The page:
And you can bet it will be Paul Ehrlich’s and UN or OECD bureaucrats, with their tax-free salaries, deciding what will be in humanity’s interests and what will constitute well-being. I will get to that in a minute. Once again reminding you that Agenda 21 is no legend. It’s the mandate for action repeatedly cited in everything from the definition of Global Citizenship to Education for Sustainability degree programs. In fact, here’s a cite to a 2008 publication in case I run out of room in this post http://www.developmenteducationreview.com/print/issue6-focus3?page=show . You can read about how education for knowledge is akin to “colonization of the mind” and thus unacceptable or how Education for Sustainability needs a systems or relational approach to be taught in the schools and universities. That way students will be trained to always look for “contexts and connections in order to build up whole pictures of phenomena rather than breaking things into individual parts. It is a way of seeing which focuses on processes, patterns and dynamics…”
And it will likely create ways of seeing that are factually untrue but they will be politically powerful and likely to compel action to create change. Why? Because as Oberlin Professor David Orr describes it as Biophilia and the Next Generation Science Standards just call “hands-on science,” the new preferred method based on experience:
“links sensory knowledge with the emotions that make us love and sometimes fight.”
In fact, Orr wants students to redefine what is patriotic and unpatriotic in terms of the environment and also fair shares of natural resources. Patriotism “should in the future also come to mean the use made of land, forests, air, water, and wildlife. To abuse natural resources, to erode soils, to destroy natural diversity, to waste, to take more than one’s fair share, or to fail to replenish what has been used, must someday come to be regarded as unpatriotic. And ‘politics’ once again must come to mean, in Vaclav Havel’s words, ‘serving the community and serving those who will come after us.”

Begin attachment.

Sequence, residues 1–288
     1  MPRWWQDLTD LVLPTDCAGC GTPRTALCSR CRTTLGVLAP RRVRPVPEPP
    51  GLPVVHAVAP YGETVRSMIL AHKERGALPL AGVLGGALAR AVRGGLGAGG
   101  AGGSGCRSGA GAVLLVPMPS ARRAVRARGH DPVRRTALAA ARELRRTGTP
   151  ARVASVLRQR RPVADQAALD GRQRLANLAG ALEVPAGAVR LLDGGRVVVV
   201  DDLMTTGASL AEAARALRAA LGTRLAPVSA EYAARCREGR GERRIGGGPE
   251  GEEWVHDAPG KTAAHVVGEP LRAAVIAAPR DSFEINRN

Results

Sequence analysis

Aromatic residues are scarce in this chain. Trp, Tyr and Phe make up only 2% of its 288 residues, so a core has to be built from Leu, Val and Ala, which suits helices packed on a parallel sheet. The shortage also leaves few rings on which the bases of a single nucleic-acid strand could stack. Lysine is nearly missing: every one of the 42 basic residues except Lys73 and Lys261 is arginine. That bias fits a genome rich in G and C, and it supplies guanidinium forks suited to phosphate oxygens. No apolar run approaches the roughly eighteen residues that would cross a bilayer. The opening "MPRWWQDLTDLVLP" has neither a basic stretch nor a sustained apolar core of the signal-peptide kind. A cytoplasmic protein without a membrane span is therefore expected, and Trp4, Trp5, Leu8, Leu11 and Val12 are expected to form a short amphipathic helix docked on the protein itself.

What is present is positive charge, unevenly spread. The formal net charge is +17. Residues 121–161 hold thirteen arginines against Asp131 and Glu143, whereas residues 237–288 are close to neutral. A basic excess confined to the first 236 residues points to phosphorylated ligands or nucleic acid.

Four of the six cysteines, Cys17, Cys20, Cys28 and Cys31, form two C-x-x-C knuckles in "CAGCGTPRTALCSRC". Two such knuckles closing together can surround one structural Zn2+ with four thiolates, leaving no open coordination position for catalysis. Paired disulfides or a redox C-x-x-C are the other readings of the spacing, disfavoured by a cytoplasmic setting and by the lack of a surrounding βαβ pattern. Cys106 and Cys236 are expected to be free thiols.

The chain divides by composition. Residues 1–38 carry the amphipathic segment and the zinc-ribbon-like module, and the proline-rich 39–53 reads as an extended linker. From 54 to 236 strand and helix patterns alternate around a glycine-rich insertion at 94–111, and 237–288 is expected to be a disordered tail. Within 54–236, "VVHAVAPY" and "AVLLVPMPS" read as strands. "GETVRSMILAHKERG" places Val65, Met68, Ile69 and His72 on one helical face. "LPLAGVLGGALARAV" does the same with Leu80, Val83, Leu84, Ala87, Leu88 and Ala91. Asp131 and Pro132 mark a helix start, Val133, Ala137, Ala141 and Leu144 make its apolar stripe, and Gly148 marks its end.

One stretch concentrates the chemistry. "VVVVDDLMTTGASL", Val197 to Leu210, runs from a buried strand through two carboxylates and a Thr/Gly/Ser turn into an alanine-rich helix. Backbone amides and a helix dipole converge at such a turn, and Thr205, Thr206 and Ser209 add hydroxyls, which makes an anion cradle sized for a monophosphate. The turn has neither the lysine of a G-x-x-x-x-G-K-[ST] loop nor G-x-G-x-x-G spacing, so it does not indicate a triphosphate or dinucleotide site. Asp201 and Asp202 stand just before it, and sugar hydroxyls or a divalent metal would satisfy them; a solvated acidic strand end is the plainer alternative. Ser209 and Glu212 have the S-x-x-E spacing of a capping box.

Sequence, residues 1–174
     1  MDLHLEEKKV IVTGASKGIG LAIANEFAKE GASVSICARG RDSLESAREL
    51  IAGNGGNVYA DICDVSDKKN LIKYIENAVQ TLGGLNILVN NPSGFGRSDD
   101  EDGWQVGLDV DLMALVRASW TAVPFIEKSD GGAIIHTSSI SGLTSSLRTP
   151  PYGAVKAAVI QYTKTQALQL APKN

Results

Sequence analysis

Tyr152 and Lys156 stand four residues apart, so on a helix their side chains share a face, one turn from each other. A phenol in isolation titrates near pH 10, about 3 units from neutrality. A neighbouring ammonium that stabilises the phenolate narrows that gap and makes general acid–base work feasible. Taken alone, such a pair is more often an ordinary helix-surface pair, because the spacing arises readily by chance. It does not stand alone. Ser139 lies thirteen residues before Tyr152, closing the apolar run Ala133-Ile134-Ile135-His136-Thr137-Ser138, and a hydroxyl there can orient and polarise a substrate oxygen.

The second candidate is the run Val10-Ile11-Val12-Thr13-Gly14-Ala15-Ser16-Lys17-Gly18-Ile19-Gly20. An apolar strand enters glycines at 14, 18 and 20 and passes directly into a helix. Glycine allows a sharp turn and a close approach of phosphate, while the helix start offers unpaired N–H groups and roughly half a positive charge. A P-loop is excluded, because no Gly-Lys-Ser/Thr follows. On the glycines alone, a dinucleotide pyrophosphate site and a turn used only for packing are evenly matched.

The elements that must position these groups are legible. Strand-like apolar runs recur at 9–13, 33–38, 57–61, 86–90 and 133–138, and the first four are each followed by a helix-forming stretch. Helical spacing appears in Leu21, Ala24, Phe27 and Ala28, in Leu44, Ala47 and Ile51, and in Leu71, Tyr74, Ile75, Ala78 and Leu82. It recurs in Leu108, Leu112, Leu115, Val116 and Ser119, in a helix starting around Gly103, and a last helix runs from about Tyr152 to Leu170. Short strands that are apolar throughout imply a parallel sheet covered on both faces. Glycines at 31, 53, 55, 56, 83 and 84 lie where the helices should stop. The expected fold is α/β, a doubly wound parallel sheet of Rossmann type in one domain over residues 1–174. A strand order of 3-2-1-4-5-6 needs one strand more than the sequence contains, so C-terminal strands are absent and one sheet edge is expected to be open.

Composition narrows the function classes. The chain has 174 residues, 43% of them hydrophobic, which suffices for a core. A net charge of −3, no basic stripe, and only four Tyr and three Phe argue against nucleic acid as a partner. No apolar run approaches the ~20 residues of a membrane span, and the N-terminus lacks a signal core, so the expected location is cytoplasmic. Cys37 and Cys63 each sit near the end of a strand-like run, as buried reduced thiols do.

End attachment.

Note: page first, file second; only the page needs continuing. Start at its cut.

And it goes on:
http://exacteditions.theecologist.org/read/resurgence/vol-29-no-3-may-june-1999-6536/85/3?dps= is a link to the full 1999 Orr essay on “Rethinking Education.” As you will see it is a paradigm shift and it looks just like the implementation we now have coming to classrooms near us soon. Or already there. All actually based on the disputable premise that “the skills, aptitudes, and attitudes that were necessary to industrialize the Earth are not the same as those that are needed now to heal the Earth, or to build durable economies and good communities.”